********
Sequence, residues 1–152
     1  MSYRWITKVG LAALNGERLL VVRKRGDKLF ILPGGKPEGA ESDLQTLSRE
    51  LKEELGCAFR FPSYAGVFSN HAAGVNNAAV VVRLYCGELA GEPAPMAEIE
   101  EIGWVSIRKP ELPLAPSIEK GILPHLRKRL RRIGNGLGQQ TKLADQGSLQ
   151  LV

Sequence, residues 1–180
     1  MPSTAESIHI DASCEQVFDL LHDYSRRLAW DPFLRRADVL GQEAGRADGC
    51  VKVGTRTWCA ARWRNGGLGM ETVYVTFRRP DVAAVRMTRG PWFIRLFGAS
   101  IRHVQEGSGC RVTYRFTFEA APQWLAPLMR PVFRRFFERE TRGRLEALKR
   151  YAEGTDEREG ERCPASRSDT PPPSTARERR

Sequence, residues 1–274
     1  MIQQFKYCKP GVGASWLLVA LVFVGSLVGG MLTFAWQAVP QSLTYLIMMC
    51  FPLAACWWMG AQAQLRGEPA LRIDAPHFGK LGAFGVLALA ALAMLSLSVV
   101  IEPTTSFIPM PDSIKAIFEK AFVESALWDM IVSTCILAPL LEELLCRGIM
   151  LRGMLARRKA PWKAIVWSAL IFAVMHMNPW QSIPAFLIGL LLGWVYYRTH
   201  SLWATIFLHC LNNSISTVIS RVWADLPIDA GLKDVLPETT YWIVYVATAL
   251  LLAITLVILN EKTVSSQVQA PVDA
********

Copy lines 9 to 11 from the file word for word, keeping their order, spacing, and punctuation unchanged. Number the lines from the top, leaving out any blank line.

   101  IRHVQEGSGC RVTYRFTFEA APQWLAPLMR PVFRRFFERE TRGRLEALKR
   151  YAEGTDEREG ERCPASRSDT PPPSTARERR

Sequence, residues 1–274